Kate's gone from catalog model to playing a role in expanding the business. In 2008 she spearheaded the launch of First Birthdays, a division that focuses on babies' parties, and according to Joseph, she was also responsible for getting Party Pieces to support the charity Starlight Children's Foundation. (The company helps host parties and provides party bags for seriously ill children in hospitals.)
In fact, aside from a stint as a part-time buyer at British fashion retailer Jigsaw, the 29-year-old's professional career has consisted solely of her experience at Party Pieces, where her duties have also included designing and producing catalogs, marketing and taking photos.
'A beautiful opportunity'
With the growing frenzy surrounding the royal wedding, Party Pieces has benefited from instant fame. In some ways, it's been "a bonanza for the family and for the family business," said CNN royal contributor Mark Saunders. "They are probably the most famous party planners in the world."
It's unclear whether the increased awareness of the firm has boosted sales. Since it's incorporated as a partnership in the U.K., Party Pieces isn't required to disclose its financials, and the family is famously tight-lipped when it comes to speaking to the press. When seeking comment for this article, Party Pieces said it did not employ anyone to handle media requests.
However, the engagement has undoubtedly given them a huge profile they never would have had before, noted Sandra Macleod, group CEO of Echo Research, a firm that specializes in reputation research. "Suddenly the organization has been put on the map," she said, adding, "it will survive on the oxygen of word of mouth."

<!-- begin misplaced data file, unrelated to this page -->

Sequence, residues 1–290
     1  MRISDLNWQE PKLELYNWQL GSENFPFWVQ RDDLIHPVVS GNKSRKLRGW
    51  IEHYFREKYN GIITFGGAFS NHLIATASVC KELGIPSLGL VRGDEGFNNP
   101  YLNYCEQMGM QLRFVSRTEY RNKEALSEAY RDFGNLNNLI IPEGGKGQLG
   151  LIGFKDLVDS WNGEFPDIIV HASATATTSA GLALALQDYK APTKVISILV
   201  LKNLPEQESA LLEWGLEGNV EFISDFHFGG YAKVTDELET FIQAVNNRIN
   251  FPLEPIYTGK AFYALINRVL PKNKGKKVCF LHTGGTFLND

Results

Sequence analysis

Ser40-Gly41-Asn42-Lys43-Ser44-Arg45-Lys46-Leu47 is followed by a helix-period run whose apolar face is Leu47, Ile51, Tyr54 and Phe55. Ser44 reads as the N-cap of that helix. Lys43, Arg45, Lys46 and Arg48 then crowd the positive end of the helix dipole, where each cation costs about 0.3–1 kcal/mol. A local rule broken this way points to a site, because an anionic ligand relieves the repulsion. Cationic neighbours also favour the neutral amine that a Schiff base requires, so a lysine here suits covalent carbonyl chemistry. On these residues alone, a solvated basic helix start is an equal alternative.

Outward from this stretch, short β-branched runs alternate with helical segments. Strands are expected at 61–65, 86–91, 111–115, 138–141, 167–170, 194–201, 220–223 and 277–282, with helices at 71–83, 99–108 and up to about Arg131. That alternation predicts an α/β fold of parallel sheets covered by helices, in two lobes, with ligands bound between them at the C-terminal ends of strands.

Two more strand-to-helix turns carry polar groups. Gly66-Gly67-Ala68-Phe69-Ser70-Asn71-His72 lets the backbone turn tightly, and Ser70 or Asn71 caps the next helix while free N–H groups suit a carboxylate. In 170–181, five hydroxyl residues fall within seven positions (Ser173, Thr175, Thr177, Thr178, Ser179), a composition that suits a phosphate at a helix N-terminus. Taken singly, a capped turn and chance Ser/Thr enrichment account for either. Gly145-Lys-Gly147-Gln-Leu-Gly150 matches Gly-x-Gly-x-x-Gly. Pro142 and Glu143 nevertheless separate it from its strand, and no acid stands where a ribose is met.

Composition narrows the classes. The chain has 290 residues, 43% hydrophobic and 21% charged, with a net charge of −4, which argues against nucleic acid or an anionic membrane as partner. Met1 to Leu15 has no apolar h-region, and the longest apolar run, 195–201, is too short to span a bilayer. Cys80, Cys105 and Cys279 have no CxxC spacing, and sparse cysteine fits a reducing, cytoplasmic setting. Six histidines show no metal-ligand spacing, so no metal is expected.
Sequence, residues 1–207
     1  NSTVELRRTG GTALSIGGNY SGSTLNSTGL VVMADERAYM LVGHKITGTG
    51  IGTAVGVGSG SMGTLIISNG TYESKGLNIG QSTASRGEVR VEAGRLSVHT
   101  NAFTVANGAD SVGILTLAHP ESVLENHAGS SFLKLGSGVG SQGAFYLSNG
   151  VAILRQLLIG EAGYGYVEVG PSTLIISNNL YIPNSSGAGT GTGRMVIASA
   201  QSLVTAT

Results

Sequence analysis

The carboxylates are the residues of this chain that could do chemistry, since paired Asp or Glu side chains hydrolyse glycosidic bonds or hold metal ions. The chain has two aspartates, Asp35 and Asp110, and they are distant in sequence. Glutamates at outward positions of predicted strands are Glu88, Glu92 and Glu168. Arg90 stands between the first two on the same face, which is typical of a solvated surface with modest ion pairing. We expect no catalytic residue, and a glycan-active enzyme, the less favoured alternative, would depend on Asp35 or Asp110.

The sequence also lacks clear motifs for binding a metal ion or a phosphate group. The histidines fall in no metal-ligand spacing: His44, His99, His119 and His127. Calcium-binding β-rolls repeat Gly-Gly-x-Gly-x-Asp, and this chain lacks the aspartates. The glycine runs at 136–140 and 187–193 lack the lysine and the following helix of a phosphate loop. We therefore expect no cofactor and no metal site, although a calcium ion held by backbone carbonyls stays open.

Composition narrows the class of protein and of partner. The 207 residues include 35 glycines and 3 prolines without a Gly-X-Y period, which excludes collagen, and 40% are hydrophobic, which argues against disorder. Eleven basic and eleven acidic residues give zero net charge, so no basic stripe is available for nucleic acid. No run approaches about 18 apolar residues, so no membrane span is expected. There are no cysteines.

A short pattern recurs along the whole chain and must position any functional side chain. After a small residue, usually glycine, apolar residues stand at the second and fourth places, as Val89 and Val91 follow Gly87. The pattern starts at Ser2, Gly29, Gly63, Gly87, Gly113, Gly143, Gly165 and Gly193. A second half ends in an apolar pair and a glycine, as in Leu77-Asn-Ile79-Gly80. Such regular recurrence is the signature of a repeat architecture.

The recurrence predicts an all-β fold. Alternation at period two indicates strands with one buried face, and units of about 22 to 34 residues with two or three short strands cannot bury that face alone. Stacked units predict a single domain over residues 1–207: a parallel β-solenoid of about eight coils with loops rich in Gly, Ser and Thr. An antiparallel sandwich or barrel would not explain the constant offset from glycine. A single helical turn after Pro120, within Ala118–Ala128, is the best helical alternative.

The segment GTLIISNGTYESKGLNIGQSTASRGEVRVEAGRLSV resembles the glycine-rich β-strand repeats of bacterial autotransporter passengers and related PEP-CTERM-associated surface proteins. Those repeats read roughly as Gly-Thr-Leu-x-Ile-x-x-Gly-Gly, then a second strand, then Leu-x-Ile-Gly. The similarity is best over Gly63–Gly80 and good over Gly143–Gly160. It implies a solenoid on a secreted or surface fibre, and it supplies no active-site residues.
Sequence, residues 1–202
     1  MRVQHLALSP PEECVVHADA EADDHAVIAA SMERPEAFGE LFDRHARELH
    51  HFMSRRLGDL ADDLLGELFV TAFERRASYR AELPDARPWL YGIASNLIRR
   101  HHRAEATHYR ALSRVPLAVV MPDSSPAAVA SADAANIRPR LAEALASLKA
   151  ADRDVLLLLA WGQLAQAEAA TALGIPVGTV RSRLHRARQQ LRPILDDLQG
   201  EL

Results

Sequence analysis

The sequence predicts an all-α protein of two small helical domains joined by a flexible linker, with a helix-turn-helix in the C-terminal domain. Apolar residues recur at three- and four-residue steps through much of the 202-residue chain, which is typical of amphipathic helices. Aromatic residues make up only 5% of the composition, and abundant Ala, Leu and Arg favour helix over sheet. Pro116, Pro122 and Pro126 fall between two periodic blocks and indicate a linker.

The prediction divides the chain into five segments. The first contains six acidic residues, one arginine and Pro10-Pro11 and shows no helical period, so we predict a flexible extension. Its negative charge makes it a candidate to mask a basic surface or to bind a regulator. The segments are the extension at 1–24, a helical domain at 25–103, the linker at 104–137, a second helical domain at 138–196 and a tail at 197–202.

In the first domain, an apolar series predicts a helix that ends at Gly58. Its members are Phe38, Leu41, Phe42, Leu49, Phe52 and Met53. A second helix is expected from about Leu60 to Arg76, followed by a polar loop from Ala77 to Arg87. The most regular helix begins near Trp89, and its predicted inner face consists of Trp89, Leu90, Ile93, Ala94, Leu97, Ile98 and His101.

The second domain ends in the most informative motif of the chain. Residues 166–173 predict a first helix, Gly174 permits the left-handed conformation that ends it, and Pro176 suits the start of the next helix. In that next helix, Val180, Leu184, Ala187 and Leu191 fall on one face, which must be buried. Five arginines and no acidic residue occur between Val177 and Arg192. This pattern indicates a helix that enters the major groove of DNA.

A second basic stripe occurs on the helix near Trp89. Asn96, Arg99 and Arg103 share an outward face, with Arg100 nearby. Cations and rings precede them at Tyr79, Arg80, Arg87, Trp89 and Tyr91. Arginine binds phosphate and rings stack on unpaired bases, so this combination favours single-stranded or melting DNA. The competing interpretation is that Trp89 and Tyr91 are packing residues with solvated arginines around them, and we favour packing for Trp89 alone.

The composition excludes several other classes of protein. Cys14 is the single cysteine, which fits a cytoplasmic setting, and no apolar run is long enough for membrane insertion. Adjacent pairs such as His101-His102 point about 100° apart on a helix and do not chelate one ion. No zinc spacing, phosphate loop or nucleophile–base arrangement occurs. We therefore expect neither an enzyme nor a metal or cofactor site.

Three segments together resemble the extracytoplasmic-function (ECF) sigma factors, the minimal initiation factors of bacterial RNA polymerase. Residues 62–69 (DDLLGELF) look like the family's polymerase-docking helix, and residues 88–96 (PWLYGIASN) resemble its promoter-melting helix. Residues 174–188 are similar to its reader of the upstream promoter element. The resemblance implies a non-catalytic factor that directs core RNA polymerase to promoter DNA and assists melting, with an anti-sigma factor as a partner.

But being thrust in the limelight can also have its drawbacks. Since the engagement, British tabloids have published reports claiming the Middletons are capitalizing on the royal wedding by stocking British-themed street party items, such as flags, streamers and other festive decorations.
"The media profile can become toxic if they are seen to be overly profiteering or mercenary," Macleod said. "They just need to be careful that they don't step on the wrong side of tastefulness."
There's also the question of whether, as a business, they'll have the capacity to meet demand if rising interest in the royal wedding does translate into more orders, said Tennant.
With a little more than two weeks to go before the ceremony, interest -- and scrutiny -- is probably going to be at its highest. But Tennant noted, it isn't going away, and the Middletons will have to decide how to handle what she described as "a beautiful opportunity" for the business.
"For a small business like theirs, the first priority is to respect the royal family and Kate's wishes. Once they get their wishes met, then they can look and see that in the long term everyone is going to know who they are," she said.
While the business is gaining newfound recognition, it's also losing a key member of staff. Party Pieces has been a central theme for nearly all of Kate's life, but as a royal, she'll be expected to focus her attention on charity work.